On Saturday afternoon, bit by bit, skiers in our group were acknowledging that they were tired. They started to call it a day. Barb was mostly done teaching for the day, so we just started skiing - fast and on tough terrain. I watched one member of our group take a tough fall on a double-black diamond run. He was getting tired/lazy and couldn't recover from a tough situation. I followed him down the rest of that run to make sure he was safe. He called it a day. Suddenly, there were only 3 of us - an amazingly good freestyle skiing coach, Barb, and me. I was suddenly the worst skier in the group, just trying to hang on. We caught a chair at 3:59, skied a beautiful single-black diamond bump run on natural snow, and we were done. I'd survive day one. I was exhausted.

As soon as I was changed, I got some food and water. My ski school buddies all headed to the pub for a few beers, but I knew I had another tough day ahead of me, so I resisted the urge and headed home.

Sunday started with an hour indoors. After that, I led a couple of 75 minute clinics on skiing safely in gladed terrain. After lunch, I met up with Barb again. Two people from Saturday had apparently had enough and they didn't return. We warmed up on a double-black diamond slope. Then, a second warm-up run on an icy single black. Then, we spent some time on intermediate terrain, talking about edging movements and pressure movements, and how to teach those movements to low level skiers. Then, we did some higher level tasks where we watched each other ski and then worked on drills to improve our own skiing.

By 3:00, Barb was done with the instruction part of the day. People were free to leave for the day or to ski with her. Well, I wasn't really free to leave. With most people, she'd ask if they wanted to ski more. With me, it was "I know Damon's up for some more." So, I skied. We started doing laps on a double-black diamond bump run. I fell once. I was getting tired and lazy, and I started to skip some of those micro-adjustments to my balance. The chair to the summit closes at 3:45. We were hurrying down, trying to get in one more run. Secretly, I was hoping we'd be too late. Barb made it down in time, but a couple of us just missed the chair. Barb was disappointed, but reminded us that the chair at the base ran until 4:00. We raced to the bottom to get one more chair ride. Thankfully, we took an intermediate route down. My skiing was getting very sloppy by this point in time. But, I survived the last run and made it safely to the locker room.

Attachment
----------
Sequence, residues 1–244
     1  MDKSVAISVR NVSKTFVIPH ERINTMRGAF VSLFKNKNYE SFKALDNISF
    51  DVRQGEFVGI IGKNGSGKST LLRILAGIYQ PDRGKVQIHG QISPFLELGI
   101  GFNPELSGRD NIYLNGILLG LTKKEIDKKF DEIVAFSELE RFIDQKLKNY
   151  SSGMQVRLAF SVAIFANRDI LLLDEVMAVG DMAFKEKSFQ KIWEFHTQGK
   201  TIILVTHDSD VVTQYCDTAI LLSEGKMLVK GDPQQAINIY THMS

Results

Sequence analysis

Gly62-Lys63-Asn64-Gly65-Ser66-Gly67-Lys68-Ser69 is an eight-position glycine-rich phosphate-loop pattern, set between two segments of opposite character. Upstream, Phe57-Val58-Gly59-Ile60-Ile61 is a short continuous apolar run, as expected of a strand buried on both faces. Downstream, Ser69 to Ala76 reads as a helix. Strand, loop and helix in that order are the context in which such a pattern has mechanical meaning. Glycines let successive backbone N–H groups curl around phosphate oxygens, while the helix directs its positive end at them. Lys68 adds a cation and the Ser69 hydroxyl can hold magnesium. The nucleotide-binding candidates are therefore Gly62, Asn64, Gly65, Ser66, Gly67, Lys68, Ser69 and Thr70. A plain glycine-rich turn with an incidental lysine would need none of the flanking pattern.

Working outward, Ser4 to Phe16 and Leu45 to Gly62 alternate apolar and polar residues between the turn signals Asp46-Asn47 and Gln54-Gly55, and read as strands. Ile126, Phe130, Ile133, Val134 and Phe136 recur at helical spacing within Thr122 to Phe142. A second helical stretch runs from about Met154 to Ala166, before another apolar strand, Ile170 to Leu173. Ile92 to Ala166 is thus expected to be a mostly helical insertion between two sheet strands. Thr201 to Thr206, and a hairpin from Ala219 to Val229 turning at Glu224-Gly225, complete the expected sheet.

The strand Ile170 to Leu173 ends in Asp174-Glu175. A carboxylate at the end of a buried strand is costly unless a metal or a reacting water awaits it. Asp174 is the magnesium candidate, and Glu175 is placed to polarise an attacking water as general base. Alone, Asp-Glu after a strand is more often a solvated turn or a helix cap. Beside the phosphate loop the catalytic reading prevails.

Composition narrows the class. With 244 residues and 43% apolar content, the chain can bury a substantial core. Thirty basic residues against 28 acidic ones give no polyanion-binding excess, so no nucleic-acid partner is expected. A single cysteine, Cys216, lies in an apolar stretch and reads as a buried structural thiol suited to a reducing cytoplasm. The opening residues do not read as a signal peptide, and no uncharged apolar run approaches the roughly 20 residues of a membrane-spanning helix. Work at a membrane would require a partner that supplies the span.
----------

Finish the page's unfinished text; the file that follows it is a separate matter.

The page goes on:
I met my wife and kids in the bar at the base. My wife was happily enjoying some expensive Chardonnay. She asked what I wanted. Water. More water. I just wanted to re-hydrate and head home for some food. By 8:15 last night, I was asleep.

This morning, I had to get up at 5:30 to clear some new snow from the driveway. I hurt everywhere. My hands are sore from doing pole plants all weekend. It hurt to hold the controls of the snow blower.

Tonight I'll go to the gym. It will be a tough workout because I'm so sore.

But, it's a good sore. I love skiing.

1 comment:

David Ray said...

For a non-skier, that's very interesting. Sounds like a tough, tough weekend. Way to survive.